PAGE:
Q&A with Orna Ross

By   Tim Inman 3 min read

Orna Ross writes novels, poems and the Go Creative! books and is Director of The Alliance of Independent Authors. Her most recent book is a novel, Blue Mercy, a family drama of intrigue, secrets and surprise. Her website is www.ornaross.com.

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You often talk about writers being Creative directors. What do you mean by that and how might professional publishing freelancers play a part?

I mean that the writer takes control of the creative decisions, which includes decisions about how the book is going to be found and read by readers. Our publishing partners — designers, editors, book promoters — are key to our success in that. We cannot do the job without them and every good book is a team effort.

Collaboration with other creatives is essential, as is the ability to be challenged and take advice, but ultimately the author had the vision and it makes sense that the author’s should be the guiding hand.

At ALLi (The Alliance of Independent Authors), our definition of an indie author is not about what service we use to publish — many of our members work with trade publishers for some projects — but whether we are willing to take charge of our own books, our own writing careers and embrace the joys and responsibilities of book making and distribution, from inspiration through writing to publication.

What are the most common challenges faced by independent authors today?

It depends on what stage an author is at. When we start out, it’s all about making a digital book. The challenge there is coming to terms with new technologies, and working out how to best publish our particular book without overspending time or money.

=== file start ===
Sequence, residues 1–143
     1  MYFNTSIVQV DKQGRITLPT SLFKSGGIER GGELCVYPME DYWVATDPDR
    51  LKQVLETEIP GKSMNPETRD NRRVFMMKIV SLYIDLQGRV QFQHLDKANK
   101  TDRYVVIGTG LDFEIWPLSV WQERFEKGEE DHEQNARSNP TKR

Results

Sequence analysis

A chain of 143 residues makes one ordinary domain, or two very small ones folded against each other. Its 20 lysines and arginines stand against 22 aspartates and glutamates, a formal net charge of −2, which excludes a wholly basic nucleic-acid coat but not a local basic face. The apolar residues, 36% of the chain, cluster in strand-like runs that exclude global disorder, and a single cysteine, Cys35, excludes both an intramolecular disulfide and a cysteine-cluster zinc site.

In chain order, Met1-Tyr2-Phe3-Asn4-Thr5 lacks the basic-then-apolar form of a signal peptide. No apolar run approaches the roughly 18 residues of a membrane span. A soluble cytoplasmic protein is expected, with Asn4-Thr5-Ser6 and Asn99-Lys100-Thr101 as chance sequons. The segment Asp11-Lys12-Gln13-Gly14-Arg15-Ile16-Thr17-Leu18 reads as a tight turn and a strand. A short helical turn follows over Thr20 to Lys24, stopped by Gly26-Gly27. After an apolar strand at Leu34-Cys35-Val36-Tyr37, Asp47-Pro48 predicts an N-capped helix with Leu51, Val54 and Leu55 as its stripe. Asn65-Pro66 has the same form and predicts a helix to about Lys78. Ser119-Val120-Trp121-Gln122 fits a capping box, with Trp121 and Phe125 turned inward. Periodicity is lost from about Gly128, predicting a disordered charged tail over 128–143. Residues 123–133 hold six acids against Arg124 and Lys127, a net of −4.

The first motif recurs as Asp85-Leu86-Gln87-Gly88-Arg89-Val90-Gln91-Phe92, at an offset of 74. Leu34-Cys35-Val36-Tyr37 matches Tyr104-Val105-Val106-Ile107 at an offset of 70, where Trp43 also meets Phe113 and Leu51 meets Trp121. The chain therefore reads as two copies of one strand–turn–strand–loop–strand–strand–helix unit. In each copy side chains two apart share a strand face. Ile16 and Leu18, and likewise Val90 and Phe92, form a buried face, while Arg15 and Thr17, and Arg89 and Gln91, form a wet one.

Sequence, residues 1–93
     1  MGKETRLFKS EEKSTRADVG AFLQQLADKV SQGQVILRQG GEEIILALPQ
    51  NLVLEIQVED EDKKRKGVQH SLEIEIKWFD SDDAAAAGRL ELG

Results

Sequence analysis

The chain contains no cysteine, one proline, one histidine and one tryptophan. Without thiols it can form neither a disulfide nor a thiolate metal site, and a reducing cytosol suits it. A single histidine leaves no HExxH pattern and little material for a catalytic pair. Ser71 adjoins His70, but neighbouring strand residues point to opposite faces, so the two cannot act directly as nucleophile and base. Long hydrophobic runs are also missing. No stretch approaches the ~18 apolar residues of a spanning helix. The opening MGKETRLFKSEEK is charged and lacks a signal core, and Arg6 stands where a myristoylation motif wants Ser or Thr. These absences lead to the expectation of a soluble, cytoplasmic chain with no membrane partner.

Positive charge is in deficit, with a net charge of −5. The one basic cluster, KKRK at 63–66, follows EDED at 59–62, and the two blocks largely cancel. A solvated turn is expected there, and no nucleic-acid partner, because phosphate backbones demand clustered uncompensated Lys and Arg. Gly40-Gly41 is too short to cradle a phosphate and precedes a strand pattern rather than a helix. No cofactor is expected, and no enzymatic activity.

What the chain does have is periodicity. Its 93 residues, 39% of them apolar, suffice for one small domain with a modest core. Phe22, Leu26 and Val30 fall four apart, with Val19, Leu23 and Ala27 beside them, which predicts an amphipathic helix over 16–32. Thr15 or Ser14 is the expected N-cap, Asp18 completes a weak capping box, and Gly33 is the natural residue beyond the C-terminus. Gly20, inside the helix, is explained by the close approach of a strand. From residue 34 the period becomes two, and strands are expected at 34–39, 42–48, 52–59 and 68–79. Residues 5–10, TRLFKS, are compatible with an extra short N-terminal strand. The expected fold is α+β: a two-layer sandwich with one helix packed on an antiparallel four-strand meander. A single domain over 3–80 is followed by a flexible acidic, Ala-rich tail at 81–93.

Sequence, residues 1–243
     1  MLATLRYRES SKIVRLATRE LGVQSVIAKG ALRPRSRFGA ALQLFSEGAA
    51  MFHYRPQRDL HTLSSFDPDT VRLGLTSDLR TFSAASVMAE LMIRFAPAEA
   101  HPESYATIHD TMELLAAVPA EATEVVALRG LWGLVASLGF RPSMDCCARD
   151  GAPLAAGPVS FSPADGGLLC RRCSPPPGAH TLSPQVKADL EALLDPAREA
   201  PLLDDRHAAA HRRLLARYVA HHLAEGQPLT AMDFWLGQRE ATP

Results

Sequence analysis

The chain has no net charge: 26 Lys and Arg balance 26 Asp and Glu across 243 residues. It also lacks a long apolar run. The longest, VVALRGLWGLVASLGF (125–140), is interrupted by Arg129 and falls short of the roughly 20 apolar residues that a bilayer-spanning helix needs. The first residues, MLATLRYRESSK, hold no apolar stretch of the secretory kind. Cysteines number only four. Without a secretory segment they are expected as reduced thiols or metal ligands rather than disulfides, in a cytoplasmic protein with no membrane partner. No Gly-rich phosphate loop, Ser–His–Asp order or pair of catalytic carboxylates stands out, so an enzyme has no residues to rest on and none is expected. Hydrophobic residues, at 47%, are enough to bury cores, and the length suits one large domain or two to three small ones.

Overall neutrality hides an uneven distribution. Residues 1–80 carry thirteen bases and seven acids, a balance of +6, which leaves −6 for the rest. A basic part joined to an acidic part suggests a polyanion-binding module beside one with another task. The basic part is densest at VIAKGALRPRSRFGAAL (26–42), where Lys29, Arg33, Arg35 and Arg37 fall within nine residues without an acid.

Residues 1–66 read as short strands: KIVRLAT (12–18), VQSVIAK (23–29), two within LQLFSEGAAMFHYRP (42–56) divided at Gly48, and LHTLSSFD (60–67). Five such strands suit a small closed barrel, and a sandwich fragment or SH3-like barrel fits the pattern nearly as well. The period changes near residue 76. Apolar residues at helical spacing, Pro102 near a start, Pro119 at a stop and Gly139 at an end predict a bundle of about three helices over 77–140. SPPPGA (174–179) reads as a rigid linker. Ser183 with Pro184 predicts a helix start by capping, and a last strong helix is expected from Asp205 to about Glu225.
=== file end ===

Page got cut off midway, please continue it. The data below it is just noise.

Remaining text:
It’s a big learning curve but once you’ve done it once, it gets easy, and you probably want to introduce other formats like POD and audio.

And you start thinking seriously about book promotion and reaching readers.

Once all that is nailed, the writer is likely to develop an interest in how to sell some subsidiary rights, like translation rights or film and TV.

Once an author has created their book, they still need to find readers. Can you recommend one tip or quick win that every new author should be aware of ?

There is a quick win called BookBub.com that every savvy publisher knows about. It is the only marketing method that consistently gives a good return on investment but it is by application, so not all books are eligible. And it’s expensive.

But writing and publishing is not about quick wins. To sell our books, we need to understand where our writing fits in the reading ecosystem and why a reader might want to give up time and money to read our work.

So my big tip for all writers who want to sell books is: work out what journalists call the five w’s: What do I write? Who do I write for? Where are those readers to be found (in real life and online) and where are they finding out about books? How do I connect (emotionally) with them? Why should they read what I write?

How has the attitude towards self-publishing changed within the trade world of publishers, agents and retailers since you’ve been involved with ALLi?

Some big publishing names have made alliances with the vanity end of the author-publishing market (boo!). Some enterprising individuals are experimenting with new, more authorcentric ways of working (hurray!). Many publishers and agents are scouting successful self-publishers and there’s less stigma as more and more author publishers are successful, creatively and commercially. But mostly, I think, it’s business as usual. As we go forward, I predict both sectors will carry along beside each other with more and more crossover.

If you were to identify some new skills and specialisms that writers and publishers were likely to value in the future, what would they be?

Anybody who can find effective ways to link good writers with keen readers will be most valued.